The Game Screen Class

There's only one more screen to implement. Let's see what that screen does:

As defined in Mr. Nom's design in Chapter 3, it can be in one of three states: waiting for the user to confirm that he's ready, running the game, waiting in a paused state, and waiting for the user to click a button in the game-over state.

In the ready state we simply ask the user to touch the screen to start the game.

In the running state we update the world, render it, and also tell Mr. Nom to turn left and right when the player presses one of the buttons at the bottom of the screen.

In the paused state we simply show two options: one to resume the game and one to quit it.

In the game-over state we tell the user that the game is over and provide him with a button to touch so that he can get back to the main menu.

For each state we have different update and present methods to implement, as each state does different things and shows a different UI.

Once the game is over we have to make sure that we store the score if it is a high score.

That's quite a bit of responsibility, which translates to more code than usual. We'll therefore split up the source listing of this class. Before we dive into the code, let's lay out how we arrange the different UI elements in each state. Figure 6-8 shows the four different states.

Figure 6-8. The game screen in its four states: ready, running, paused, and game-over

Note that we also render the score at the bottom of the screen, along with a line that separates Mr. Nom's world from the buttons at the bottom. The score is rendered with the same routine that we used in the HighscoreScreen. We additionally center it horizontally based on the score string width.

The last missing bit of information is how to render Mr. Nom's world based on its model. That's actually pretty easy. Take a look at Figure 6-1 and 6-5 again. Each cell is exactly 32! 32 pixels in size. The stain images are also 32! 32 pixels in size, and so are the tail parts of Mr. Nom. The head images of Mr. Nom for all directions are 42! 42 pixels, so they don't fit entirely into a single cell. That's not a problem, though. All we need to do to render Mr. Nom's world is take each stain and snake part, and multiply its world coordinates by 32 to arrive at the object's center in pixels on the screen—for example, a stain at (3,2) in world coordinates would have its center at 96! 64 on the screen. Based on these centers, all that's left to do is take the appropriate asset and render it centered around those coordinates. Let's get coding. Listing 6-12 shows the GameScreen class.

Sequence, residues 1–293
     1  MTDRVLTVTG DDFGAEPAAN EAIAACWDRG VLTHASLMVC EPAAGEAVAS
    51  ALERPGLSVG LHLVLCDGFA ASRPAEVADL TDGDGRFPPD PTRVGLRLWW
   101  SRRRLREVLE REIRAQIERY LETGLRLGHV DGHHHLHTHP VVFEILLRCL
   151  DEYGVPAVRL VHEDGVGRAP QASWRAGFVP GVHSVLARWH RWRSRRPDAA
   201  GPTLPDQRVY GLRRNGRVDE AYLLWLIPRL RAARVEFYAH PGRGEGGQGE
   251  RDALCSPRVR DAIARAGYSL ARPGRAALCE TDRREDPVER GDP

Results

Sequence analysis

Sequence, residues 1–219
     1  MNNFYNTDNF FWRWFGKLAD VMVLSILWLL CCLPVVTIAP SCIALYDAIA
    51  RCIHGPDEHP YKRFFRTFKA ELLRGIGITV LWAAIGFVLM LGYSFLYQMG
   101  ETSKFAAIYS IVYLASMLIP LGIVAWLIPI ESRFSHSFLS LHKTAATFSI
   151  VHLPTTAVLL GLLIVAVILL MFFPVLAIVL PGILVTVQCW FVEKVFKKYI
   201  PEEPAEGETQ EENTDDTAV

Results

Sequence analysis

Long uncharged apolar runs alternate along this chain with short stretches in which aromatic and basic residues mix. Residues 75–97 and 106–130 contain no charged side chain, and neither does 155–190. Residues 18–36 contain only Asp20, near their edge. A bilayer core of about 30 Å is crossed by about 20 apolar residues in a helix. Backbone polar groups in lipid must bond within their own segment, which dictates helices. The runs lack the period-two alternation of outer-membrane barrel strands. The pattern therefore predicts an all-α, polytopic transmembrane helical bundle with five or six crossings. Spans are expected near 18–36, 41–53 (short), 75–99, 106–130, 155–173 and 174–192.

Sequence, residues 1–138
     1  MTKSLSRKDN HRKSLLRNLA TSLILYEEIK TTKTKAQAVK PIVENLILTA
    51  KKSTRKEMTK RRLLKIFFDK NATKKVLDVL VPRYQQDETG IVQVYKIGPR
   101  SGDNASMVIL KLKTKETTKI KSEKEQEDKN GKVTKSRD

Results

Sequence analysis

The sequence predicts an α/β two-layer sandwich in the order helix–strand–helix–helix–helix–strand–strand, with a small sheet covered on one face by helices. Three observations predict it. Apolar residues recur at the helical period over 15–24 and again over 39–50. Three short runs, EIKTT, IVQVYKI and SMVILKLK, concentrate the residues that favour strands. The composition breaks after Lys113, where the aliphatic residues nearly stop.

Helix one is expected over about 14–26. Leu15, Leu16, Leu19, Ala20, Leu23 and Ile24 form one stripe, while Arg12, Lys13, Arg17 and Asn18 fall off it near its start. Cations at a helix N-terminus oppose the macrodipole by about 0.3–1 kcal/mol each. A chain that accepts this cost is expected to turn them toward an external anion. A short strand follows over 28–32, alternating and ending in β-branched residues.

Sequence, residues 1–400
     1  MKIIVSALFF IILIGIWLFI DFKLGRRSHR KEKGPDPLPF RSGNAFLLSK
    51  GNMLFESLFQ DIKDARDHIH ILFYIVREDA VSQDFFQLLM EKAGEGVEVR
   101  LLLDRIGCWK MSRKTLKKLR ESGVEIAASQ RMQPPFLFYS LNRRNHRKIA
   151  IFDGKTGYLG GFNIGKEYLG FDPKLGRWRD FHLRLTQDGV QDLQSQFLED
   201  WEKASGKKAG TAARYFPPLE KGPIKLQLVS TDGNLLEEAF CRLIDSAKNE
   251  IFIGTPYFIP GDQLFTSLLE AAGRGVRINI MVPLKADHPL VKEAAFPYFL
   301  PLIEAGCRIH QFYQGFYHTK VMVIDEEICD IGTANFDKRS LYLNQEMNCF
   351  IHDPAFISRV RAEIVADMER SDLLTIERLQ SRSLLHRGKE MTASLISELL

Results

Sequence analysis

Listing 6-12. package com.badlogic.androidgames.mrnom;

import java.util.List;


import com.badlogic.androidgames.framework.Game; import com.badlogic.androidgames.framework.Graphics; import com.badlogic.androidgames.framework.Input.TouchEvent; import com.badlogic.androidgames.framework.Pixmap; import com.badlogic.androidgames.framework.Screen;

public class GameScreen extends Screen { enum GameState { Ready, Running, Paused, GameOver

GameState state = GameState.Ready;

World world;

int oldScore = 0;

We start off by defining an enumeration called GameState that encodes our four states (ready, running, paused, and game-over). Next we define a member that holds the current state of the screen, another member that holds the World instance, and two more members that hold the currently displayed score in the form of an integer and as a string. The reason we have the last two members is that we don't want to constantly create new strings from the World.score member each time we draw the score. Instead we'll cache the string and only create a new one when the score changes. That way we play nice with the garbage collector.

public GameScreen(Game game) { super(game); world = new World();

The constructor just calls the superclass constructor and creates a new World instance. The game screen will be in the ready state after the constructor returns to the caller.

@Override public void update(float deltaTime) {

List<TouchEvent> touchEvents = game.getInput().getTouchEvents(); game.getInput().getKeyEvents();